The pharmaceutical company AstraZeneca on Tuesday said it has paused large, late-stage global trials of its experimental coronavirus vaccine because of a serious suspected adverse reaction in a study participant, reported New York Times.
It is not yet known whether the reaction was directly caused by the company’s vaccine or was coincidental.
The pause, which was first reported by STAT, will allow AstraZeneca, a British-Swedish company, to conduct a safety review and investigate whether the vaccine caused the illness. How long the hold will last is unclear.
Drug companies are racing to complete a coronavirus vaccine that could bring an end to a pandemic that has already claimed more than 8,90,000 lives globally.
AstraZeneca is one of three front-runner companies whose vaccines are in late-stage clinical trials. The company has said it hoped to have a vaccine ready before the end of the year. If the cause of the reaction turns out to be related to the vaccine, those efforts could be derailed.
In a statement, AstraZeneca described the trial’s halt, which was instituted voluntarily, as a “routine action which has to happen whenever there is a potentially unexplained illness in one of the trials, while it is investigated, ensuring we maintain the integrity of the trials.”
The company said that in large trials like the ones it is overseeing, participants do sometimes become sick by chance “but must be independently reviewed to check this carefully.”
The company said it was “working to expedite the review of the single event to minimize any potential impact on the trial timeline,” and reaffirmed its commitment “to the safety of our participants and the highest standards of conduct in our trials.”
A person familiar with the situation, who spoke on the condition of anonymity, said that the participant who experienced the suspected adverse reaction had been enrolled in a Phase 2/3 trial based in the United Kingdom. The individual also said that a volunteer in the UK trial had received a diagnosis of transverse myelitis, an inflammatory syndrome that affects the spinal cord and is often sparked by viral infections. However, the timing of this diagnosis, and whether it was directly linked to AstraZeneca’s vaccine, is still unknown.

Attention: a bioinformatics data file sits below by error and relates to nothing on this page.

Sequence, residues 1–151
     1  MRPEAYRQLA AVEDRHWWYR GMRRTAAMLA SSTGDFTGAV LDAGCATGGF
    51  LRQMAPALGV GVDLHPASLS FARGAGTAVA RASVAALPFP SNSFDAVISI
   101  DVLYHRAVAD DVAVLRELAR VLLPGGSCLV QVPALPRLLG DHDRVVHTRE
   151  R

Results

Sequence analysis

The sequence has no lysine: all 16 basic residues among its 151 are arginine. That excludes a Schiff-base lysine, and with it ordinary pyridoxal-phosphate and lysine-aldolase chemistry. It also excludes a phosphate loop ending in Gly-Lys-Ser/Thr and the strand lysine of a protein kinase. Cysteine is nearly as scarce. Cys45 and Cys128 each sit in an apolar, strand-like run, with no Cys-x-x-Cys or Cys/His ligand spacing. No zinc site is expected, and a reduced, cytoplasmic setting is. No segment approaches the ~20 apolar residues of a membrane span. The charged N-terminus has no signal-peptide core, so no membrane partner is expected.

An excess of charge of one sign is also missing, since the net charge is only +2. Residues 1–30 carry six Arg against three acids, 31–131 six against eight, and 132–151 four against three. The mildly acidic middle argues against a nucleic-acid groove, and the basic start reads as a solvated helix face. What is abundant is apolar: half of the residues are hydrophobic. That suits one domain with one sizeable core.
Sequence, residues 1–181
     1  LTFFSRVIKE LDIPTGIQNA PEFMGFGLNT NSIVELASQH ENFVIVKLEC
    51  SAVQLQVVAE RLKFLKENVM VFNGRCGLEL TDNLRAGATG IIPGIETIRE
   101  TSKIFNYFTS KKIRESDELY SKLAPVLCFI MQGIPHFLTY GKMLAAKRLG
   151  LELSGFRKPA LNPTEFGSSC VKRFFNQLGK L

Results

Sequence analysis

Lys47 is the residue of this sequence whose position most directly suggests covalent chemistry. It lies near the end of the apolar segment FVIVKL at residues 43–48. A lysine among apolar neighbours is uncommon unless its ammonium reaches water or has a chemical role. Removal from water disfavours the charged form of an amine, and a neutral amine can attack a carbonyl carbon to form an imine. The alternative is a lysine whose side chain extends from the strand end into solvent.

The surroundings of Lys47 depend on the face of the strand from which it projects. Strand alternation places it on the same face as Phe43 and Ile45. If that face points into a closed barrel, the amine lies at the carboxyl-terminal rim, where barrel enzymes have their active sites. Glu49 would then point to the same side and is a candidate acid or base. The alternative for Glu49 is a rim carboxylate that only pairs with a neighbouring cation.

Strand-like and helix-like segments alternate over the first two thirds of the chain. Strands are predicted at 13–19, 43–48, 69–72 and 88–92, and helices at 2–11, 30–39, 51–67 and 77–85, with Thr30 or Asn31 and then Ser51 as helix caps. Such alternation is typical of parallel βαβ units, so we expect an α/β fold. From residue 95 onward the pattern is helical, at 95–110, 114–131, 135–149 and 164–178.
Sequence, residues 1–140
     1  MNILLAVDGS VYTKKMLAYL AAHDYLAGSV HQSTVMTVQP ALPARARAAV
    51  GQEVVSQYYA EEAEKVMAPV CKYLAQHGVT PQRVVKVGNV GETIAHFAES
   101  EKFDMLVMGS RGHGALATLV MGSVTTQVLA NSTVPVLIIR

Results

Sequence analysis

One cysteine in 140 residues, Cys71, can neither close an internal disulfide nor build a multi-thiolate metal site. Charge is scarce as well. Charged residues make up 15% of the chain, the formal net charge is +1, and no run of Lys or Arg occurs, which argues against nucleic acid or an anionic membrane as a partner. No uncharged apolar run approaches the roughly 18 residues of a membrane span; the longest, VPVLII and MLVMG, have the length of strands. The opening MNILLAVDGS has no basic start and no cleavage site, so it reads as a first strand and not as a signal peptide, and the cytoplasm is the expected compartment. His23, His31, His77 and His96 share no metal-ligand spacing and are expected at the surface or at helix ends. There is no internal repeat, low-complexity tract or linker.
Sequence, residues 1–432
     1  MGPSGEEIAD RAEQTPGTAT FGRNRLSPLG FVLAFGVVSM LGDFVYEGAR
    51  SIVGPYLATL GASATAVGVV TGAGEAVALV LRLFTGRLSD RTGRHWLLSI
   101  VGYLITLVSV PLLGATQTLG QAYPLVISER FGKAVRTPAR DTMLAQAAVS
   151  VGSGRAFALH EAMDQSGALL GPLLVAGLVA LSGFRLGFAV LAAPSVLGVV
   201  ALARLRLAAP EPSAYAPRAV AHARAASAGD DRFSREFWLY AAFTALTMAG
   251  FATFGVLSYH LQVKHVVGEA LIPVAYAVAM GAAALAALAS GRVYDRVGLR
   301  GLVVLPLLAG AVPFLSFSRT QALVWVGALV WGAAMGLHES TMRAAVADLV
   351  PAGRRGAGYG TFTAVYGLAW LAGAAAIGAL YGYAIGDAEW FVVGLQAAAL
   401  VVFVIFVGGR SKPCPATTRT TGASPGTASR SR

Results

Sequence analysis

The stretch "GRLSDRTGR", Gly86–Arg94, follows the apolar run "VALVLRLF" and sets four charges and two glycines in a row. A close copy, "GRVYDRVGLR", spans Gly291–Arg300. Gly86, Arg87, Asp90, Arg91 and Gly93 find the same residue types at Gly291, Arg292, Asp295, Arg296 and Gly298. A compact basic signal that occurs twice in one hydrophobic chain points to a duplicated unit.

AstraZeneca declined to comment on the location of the participant and did not confirm the diagnosis of transverse myelitis. “The event is being investigated by an independent committee, and it is too early to conclude the specific diagnosis,” the company said.
In a paper published in The Lancet in July, researchers behind AstraZeneca’s formulation reported that the majority of participants in the vaccine’s Phase 1/2 had experienced some mild or moderate side effects, including muscle aches and chills. None of the reactions, however, were considered severe or life-threatening, and resolved quickly. The vaccine was deemed safe enough to proceed to further testing.
AstraZeneca’s vaccine is in Phase 2/3 trials in England and India, and in Phase 3 trials in Brazil, South Africa and more than 60 sites in the United States.
Phase 3 trials evaluate whether vaccine candidates protect people from infection or severe disease compared to a placebo.
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